State and Federal programs utilize CAPS expertise, software, and data to impact the public positively. Some programs call for CAPS to play a managerial role, while CAPS provides evaluations and countermeasures for other programs. Still, others will employ both our research and marketing capabilities.
A large portion of our projects fall into the traffic safety arena and utilize our proprietary CARE software. We’ve also expanded into the Weather and Disaster Response arena.
Buckle Up in Your Truck
The Buckle Up in Your Truck (BUIYT) program was introduced in Alabama in 2005 after pick-up truck drivers and occupants were identified on both state and national levels as having the lowest recorded safety belt usage.
Buckle up in Your Truck was modeled after and operated in conjunction with the 2005 Click It or Ticket program, a proven measure in increasing safety belt usage. The program’s 2005 success led to repeated efforts in 2006 and 2007.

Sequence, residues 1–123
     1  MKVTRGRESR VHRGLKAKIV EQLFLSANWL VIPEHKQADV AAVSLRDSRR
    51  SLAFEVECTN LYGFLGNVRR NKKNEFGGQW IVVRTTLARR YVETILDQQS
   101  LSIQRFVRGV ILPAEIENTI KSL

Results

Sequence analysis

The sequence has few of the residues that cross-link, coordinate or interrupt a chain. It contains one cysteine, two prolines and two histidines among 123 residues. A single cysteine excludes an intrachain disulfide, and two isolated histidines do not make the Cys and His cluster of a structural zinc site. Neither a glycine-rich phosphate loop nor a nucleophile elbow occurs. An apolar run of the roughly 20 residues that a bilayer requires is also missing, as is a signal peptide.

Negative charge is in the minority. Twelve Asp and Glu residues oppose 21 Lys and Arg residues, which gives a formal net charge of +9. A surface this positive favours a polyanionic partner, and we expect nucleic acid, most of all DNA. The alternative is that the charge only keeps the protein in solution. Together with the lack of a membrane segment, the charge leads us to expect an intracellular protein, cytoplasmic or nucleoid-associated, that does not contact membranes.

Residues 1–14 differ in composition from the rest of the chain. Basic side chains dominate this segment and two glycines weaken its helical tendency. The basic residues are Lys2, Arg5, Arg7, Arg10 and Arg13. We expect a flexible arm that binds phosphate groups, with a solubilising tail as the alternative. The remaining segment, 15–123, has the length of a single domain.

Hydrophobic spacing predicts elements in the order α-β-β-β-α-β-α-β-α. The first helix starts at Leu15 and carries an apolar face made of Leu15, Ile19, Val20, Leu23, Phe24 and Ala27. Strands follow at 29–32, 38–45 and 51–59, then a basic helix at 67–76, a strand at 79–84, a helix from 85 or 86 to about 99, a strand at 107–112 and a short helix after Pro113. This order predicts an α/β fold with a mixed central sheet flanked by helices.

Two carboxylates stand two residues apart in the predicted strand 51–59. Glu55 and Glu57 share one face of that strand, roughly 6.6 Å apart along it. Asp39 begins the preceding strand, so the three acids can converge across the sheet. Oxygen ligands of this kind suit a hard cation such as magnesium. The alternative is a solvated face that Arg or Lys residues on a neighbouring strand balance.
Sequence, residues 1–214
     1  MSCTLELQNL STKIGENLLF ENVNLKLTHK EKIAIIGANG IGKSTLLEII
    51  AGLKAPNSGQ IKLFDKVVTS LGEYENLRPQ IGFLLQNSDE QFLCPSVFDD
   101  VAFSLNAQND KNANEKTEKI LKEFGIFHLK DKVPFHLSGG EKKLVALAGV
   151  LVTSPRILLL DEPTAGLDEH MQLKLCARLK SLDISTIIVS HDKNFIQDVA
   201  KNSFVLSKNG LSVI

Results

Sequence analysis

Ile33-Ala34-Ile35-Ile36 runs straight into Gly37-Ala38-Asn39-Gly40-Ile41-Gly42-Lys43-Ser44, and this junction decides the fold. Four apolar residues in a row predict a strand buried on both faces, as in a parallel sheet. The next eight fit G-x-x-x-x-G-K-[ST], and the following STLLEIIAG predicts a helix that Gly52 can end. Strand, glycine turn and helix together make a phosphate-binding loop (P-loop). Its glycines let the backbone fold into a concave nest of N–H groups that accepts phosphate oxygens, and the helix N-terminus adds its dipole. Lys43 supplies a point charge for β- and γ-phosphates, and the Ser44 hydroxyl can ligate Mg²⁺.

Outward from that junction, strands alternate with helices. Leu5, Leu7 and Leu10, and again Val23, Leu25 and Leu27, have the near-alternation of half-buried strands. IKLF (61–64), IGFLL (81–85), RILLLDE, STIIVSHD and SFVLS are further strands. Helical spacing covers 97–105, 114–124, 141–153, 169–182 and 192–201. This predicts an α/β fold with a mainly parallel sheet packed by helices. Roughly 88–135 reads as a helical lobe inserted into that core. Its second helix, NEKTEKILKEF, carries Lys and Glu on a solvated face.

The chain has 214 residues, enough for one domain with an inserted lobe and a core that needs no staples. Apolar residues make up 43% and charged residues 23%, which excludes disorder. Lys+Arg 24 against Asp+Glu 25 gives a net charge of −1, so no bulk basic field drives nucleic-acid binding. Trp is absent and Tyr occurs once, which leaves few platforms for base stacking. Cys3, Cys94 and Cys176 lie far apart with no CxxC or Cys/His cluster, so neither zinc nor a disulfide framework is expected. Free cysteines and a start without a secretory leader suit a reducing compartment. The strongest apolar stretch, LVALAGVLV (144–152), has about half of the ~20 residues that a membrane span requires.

Alabama was one of eight southeastern states that participated in the initial BUIYT programs. CAPS evaluated the programs based on before and after data and compiled a comprehensive report for the programs.
Click It or Ticket
Click It or Ticket (CIOT) is a traffic enforcement and public education program conducted between April and June each year in Alabama. Multiple agencies and organizations participate in this effort to improve highway safety through the use of seat belts.
CAPS has been involved in the Click It or Ticket program since its 2001 inception. Learn More
Drive Sober or Get Pulled Over
The Drive Sober or Get Pulled Over program is focused on the importance of not drinking and driving. It involved a strong media, and enforcement blitz focused on the Labor Day Holiday weekend. Due to its strong media presence, it is often referred to as the Drive Sober or Get Pulled Over campaign.
CAPS assisted with the data collection and analysis efforts to determine the success of the campaign. A telephone survey was conducted from a representative portion of the state as soon as the enforcement period ended. A total of 500 qualified Alabama driver residents were randomly sampled using a combination of landlines and cell phone exchanges. Learn More
The overwhelming majority of drivers (77%) had seen or heard messages encouraging people to avoid drinking and driving.